Buswell and Judd (Buswell, 1922, 1937; Judd & Buswell, 1922) photographed readers' eye movements in what was for their time a relatively nonintrusive manner. The procedure consisted of photographing a beam of light reflected first to a subject's cornea from silvered glass mirrors, and then from the cornea through a camera lens to moving kinetoscope film. The changing positions of the beam of light were recorded on the film, which provided an "accurate record showing the position and duration of each fixation of the eye while the subject reads" (Buswell, 1922, p. 12).
Judd and Buswell also deserve acknowledgment for the sheer amount of data they collected, analyzed, and disseminated. In addition to providing copious illustrations of what the data look like (there are 90 plates in Judd & Buswell, 1922, alone), they support their conclusions well. Their findings include evidence that not only do different readers read differently, but individual readers read differently in different circumstances. Ever mindful of pedagogical implications, they asserted that readers "need to be made aware of the fact that reading habits should be flexible and properly adapted to the purpose and the type of material which is read" (Buswell, 1937, p. 143).
Judd and Buswell's contributions to our understanding of the reading process are also significant. Their work led them to conclude that reading is not simply a matter of bottom-up word identification but a perceptual process that involves interpretations on the reader's part. On the subject of word identification, even today a subject of great dispute, they argued for the primacy of context in determining the meaning of a word:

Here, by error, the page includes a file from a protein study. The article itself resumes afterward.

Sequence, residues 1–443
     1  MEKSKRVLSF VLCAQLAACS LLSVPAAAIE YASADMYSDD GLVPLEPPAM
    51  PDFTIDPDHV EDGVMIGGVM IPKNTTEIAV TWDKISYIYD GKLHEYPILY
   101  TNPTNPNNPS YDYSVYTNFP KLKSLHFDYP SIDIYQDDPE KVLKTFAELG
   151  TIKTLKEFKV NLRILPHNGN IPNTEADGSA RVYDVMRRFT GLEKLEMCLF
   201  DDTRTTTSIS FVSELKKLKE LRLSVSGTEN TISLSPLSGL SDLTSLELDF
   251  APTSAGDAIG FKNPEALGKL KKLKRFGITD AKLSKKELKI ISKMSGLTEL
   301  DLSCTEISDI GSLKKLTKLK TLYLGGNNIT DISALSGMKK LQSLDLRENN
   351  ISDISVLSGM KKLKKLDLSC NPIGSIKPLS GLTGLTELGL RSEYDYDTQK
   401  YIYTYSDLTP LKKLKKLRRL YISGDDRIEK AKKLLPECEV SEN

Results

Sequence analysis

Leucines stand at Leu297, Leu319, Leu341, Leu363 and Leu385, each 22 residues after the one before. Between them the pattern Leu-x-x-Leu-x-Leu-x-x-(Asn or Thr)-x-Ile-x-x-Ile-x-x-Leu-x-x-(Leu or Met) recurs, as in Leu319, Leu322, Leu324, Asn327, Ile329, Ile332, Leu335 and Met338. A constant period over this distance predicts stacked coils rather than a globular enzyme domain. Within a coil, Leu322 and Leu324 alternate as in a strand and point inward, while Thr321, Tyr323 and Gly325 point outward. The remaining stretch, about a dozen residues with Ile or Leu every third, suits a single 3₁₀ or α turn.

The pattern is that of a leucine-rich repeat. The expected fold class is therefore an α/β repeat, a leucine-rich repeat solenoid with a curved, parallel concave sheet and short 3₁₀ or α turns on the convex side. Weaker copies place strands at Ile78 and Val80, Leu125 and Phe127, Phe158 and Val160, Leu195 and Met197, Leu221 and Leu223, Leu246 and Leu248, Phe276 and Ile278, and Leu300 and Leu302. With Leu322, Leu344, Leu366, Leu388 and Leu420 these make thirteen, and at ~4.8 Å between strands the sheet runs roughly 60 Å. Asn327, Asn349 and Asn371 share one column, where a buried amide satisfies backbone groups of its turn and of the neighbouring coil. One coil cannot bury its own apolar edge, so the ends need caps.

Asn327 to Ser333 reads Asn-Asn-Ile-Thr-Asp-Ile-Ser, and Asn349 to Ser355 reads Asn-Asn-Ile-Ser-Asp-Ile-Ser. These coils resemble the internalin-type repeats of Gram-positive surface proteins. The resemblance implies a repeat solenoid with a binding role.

[I]n real life the word will always turn up as a part of a sentence and...will have a peculiar shade of meaning through its contrast with other words or through its special relation in the total idea conveyed by the sentence. The notion that a word and its meaning are two fixed pieces of experience that can be tied together is a purely mechanical theory and not adequate... (Judd & Buswell, 1922, p. 4).
Tinker's landmark 1936 study investigated the reliability and validity of eye-movement research as it applies to reading. One of his primary concerns was whether the artificial situation that necessarily accompanied eye-movement studies conducted in the laboratory caused subjects to alter significantly their reading strategies and processes. He had 57 college students read one version of a reading test at a table away from the eye-movement apparatus and then read another version of the test while under typical eye-movement recording conditions. The results were encouraging for eye-movement researchers: “Although some subjects did better and some poorer before the camera, the group as a whole gave an entirely typical performance in the photographic situation” (Tinker, 1936, p. 742). Tinker's conclusion that eye-movement research can reveal authentic reading behavior has allowed workers in this area to extend their findings to situations outside the laboratory.